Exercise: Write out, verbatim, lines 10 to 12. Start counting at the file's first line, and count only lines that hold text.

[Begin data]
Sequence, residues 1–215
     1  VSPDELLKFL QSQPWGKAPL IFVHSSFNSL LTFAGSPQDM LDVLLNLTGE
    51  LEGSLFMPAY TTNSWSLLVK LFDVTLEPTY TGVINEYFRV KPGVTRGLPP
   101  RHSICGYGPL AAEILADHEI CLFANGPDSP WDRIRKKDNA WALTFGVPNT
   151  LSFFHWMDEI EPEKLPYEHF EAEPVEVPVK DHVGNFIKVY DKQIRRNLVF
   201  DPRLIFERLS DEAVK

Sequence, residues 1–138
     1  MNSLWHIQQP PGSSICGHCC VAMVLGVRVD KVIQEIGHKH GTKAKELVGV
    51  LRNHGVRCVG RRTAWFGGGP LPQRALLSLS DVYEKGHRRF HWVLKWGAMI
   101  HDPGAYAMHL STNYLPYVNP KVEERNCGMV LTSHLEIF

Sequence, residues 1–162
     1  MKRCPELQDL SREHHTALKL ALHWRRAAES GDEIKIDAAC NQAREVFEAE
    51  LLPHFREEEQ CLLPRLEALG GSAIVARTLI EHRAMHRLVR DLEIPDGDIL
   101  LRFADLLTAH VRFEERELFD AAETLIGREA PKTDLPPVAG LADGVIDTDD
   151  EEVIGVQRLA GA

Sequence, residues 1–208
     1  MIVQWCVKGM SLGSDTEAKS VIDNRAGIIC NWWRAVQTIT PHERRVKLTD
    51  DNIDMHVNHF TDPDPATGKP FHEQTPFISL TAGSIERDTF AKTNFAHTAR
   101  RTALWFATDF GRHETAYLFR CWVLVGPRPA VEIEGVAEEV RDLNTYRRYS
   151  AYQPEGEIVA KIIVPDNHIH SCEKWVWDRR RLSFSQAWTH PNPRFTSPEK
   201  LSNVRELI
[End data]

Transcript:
   101  HDPGAYAMHL STNYLPYVNP KVEERNCGMV LTSHLEIF

Sequence, residues 1–162
     1  MKRCPELQDL SREHHTALKL ALHWRRAAES GDEIKIDAAC NQAREVFEAE